Marines with Regional Command (Southwest) (RC(SW)) exit a CH-46 Sea Knight helicopter aboard Kandahar Airfield (KAF), Afghanistan, Oct. 27, 2014. (U.S. Marine Corps/Sgt. Dustin D. March)

In 2013, the Department of Defense began an approximately six-year review of 159 mental health programs, many of which were launched after the U.S. invaded Iraq and Afghanistan. According to preliminary DoD records obtained in a Freedom of Information Act lawsuit, the DoD found “a large proportion" of these programs did not track spending and were “unable to document evidence of program outcomes."

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U.S. Marine Corps Sgt. Devin D. Goodall, precision measurement equipment technician, Marine Aviation Logistics Squadron 24, Marine Aircraft Group 24, knocks out his final pull-up during a motivational Marine Corps birthday event on Marine Corps Base Hawaii, Nov. 7, 2019. (U.S. Marine Corps/Lance Cpl. Jacob Wilson)

Editor's Note: This article by Gina Harkins originally appeared on Military.com, a leading source of news for the military and veteran community.

Marines are putting an "extreme emphasis" on the number of pull-ups leathernecks can do, a recently published internal study found. And that, some fear, could result in other important qualities that are vital to the Corps' mission being overlooked.

Participants in a study on Marine Corps culture were often focused on pull-ups as a best measure of a person's value and worth, researchers found. Marines' ability to lift their own body weight on a pull-up bar was "routinely what Marines referenced when discussing physical standards, a Marine's value, and physical readiness," the report's authors wrote.

One officer interviewed for the study recalled seeing a bunch of cyberwarfare Marines — a specialty the service struggles to retain — leave the Marine Corps because they "ran 26-minute three miles and only did five pull-ups."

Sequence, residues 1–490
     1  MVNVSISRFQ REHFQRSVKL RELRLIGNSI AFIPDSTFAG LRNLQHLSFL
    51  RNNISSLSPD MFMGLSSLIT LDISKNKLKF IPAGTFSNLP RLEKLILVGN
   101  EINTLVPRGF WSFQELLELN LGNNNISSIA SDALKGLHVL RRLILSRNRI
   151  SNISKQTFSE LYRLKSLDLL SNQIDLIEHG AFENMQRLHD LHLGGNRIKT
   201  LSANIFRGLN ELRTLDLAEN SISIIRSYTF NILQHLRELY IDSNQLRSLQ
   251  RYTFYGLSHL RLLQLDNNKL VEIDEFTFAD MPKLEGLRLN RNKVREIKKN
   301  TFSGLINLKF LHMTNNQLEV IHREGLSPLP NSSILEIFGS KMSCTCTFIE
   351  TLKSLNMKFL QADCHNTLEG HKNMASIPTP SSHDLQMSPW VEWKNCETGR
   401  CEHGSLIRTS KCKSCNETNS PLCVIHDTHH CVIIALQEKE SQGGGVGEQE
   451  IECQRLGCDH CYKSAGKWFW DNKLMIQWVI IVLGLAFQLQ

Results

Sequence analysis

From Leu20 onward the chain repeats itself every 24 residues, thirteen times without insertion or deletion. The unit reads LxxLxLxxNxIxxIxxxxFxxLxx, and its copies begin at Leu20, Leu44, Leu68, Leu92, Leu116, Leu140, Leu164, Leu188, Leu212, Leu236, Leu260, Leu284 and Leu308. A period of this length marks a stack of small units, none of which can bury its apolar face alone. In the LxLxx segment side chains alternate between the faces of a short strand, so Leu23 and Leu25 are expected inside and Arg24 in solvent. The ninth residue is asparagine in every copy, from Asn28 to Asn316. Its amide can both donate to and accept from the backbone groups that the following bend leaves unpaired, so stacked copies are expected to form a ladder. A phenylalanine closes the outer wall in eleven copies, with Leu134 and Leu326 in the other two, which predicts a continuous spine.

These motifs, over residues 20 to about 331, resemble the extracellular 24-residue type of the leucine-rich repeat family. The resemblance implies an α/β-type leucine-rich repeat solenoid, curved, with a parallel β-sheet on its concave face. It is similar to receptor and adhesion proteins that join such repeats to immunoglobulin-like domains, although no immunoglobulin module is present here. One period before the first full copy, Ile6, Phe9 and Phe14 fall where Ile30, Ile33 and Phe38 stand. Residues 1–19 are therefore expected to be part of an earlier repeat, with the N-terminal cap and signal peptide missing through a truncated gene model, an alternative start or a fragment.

"So we told them they were bad Marines," the captain said. "But now they make six figures for Microsoft ... and we don't have any of them for our future cyber fight."

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A 9-year-old advocate named Evan journeyed across New York City while launching a campaign challenging President Trump to go vegan for a month for a reward of giving $1 million to veterans. (Facebook / Million Dollar Vegan)

President Trump's penchant for making deals is legendary, and now a 9-year-old is playing him at his own game.

Evan, a boy who is passionate about animal rights and eats only vegan himself, has challenged the President to do the same for the month of January – in return for $1 million donated to veterans.

"President Trump: I'm Evan, president of Animal Hero Kids, and I'd like to make you an offer," he says in a video posted by a nonprofit, Million Dollar Vegan, the organization that would donate the money. "We will give $1 million to the veterans if you go vegan for January."

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Christopher Montijo (WOFL screenshot)

One Florida man is living proof that you can do anything if you want it badly enough.

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Editor's Note: This article by Matthew Cox originally appeared onMilitary.com, a leading source of news for the military and veteran community.

It may take up to five years to finalize the standards for the Army Combat Fitness Test as the service struggles to address the performance gap between male and female soldiers on the service's first-ever gender-neutral fitness assessment.

The Army just completed in late September a year-long field test of the ACFT, involving about 60 battalions of soldiers. And as of Oct. 1, soldiers in Basic Combat Training, advanced Individual training and one station unit training began to take the ACFT as a graduation requirement.

So far, the data is showing "about a 100 to a 110-point difference between men and women, on average," Maj. Gen. Lonnie Hibbard, commander of the Center for Initial Military Training, told Military.com.

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The Air Force is urging airmen to avoid using any products with cannabidiol oil, also known as CBD oil. Why? Because products with CBD oil can make airmen test positive during a urine test for the presence of marijuana, which is still illegal under federal law.

The Air Force announcement comes three months after the Department of Defense reminded service members that CBD use is "completely forbidden."

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